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We did not come here as MIGRANTS, we came as CITIZENS

I wrote this short piece with my husband a year ago – I think it is still relevant.

I would like to share some thoughts that have bugged me since the words “migrants” and “immigrants” have started to be seamlessly used to refer to EU citizens in the UK post-referendum, and that have been brought back to the fore by the current Windrush scandal.

Here goes.

We did not come here as MIGRANTS, we came as CITIZENS of the EU settling in a part of the EU. This distinction is not a matter of semantics but rather, as the treatment of the “Windrush generation” shows us, of tremendous significance going forward. The shift from citizens to migrants, the deprivation of our standing as citizens, is a very real change in legal status with very real detrimental consequences, as we are already experiencing.

The “Windrush generation” arrived here as citizens and, unbeknownst to them, were reclassified as de-facto migrants by a series of pieces of legislation (immigration acts) that, over decades, buried the unassailable right to be here as citizens under layers of bureaucratic demands that culminated in them being vulnerable to the “hostile environment”, which subjected them to incarceration and/or deportation or the threat of both; this after being further deprived of basic human rights like a roof over their heads or access to healthcare.

In a real sense the purely legal situation of the Windrush people is better than that which we EU citizens face. The Windrush people, by the legal terms in existence on their entry and those agreed subsequently, were always citizens – the problem is that they were retroactively required to prove it: this proof became, with the passage of time, more and more unreasonable, to the point we are at now, where it is seen to be part of a system of abuse.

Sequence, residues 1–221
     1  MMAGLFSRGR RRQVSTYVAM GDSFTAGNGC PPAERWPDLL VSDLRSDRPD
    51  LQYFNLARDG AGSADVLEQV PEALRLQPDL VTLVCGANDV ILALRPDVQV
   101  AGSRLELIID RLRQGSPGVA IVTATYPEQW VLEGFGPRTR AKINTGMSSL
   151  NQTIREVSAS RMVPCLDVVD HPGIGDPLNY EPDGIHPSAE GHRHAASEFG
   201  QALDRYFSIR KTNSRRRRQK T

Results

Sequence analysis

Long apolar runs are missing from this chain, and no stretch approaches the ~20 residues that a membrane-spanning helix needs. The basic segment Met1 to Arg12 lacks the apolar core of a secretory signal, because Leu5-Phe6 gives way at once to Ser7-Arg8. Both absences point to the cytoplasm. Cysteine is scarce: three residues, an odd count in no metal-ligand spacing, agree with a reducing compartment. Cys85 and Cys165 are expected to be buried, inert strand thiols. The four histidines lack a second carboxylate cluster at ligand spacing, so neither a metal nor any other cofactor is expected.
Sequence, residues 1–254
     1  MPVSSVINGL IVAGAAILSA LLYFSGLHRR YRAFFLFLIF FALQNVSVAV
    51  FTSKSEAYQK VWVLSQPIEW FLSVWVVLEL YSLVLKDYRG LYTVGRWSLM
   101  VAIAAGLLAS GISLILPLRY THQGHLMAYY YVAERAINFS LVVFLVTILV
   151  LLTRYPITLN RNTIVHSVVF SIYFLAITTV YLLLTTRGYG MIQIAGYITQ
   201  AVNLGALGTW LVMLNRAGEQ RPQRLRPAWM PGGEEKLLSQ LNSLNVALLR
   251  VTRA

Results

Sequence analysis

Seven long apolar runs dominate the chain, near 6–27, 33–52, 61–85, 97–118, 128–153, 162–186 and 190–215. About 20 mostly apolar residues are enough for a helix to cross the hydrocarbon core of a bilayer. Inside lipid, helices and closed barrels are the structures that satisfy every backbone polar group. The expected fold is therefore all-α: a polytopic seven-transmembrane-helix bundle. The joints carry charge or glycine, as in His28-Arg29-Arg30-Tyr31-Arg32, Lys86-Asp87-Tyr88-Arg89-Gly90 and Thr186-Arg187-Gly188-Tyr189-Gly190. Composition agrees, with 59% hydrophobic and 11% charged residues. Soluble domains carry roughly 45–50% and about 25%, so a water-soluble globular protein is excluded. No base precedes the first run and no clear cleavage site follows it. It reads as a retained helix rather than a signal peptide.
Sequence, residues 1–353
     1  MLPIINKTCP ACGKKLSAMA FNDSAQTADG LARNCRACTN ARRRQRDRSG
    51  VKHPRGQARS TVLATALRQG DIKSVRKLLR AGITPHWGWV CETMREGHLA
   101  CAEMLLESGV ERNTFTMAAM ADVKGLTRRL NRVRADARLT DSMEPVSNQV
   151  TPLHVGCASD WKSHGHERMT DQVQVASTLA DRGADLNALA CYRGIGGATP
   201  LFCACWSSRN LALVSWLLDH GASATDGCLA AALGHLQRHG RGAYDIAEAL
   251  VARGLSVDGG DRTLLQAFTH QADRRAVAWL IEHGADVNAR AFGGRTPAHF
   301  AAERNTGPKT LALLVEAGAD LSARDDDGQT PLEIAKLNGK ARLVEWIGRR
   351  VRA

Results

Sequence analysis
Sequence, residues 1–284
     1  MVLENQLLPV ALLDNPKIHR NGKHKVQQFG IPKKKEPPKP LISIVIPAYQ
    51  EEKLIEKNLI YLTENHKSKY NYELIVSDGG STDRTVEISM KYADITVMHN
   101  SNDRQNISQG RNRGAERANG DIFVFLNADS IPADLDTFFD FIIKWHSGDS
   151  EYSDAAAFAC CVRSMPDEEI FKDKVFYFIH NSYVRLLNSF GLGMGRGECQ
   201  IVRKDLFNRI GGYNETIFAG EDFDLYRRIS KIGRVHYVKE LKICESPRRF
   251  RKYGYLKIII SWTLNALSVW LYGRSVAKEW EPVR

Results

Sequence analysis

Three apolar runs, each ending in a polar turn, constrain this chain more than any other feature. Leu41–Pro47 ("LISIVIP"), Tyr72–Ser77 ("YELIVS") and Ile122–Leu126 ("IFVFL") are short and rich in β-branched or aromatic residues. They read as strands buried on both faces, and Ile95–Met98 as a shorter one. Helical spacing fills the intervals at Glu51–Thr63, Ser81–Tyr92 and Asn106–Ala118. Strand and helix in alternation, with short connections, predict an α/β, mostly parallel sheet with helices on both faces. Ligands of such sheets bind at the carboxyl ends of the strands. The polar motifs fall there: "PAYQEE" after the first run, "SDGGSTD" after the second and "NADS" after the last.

At this point, because of that status as citizens, the government is forced to admit a terrible mistake has happened, for how could “UK citizens” be treated like this by the UK government agencies (this ignores the fact that that is exactly how the system is set up, by you know who, to perform).

Here lies the problem: “EU migrants” does not sound the same and does not mean the same as “EU citizens” – hence the need for watertight protection of our status going forward. And, of at least equal importance, is the need for the protection of our rights: the 8 years ECJ oversight at the moment looks very thin when seen in the light of the Windrush people’s problems after 40, 50, 60 years.

Their situation was rescued in part by the intervention of Caribbean Commonwealth heads of state. Who will intervene on our (and our children’s) behalf in 50 years time?

If this watertight protection is not built into the final agreement reached between the EU and the UK government, then our rights will never be secure enough short of becoming UK citizens, if that.

Thank you for reading! RA MA

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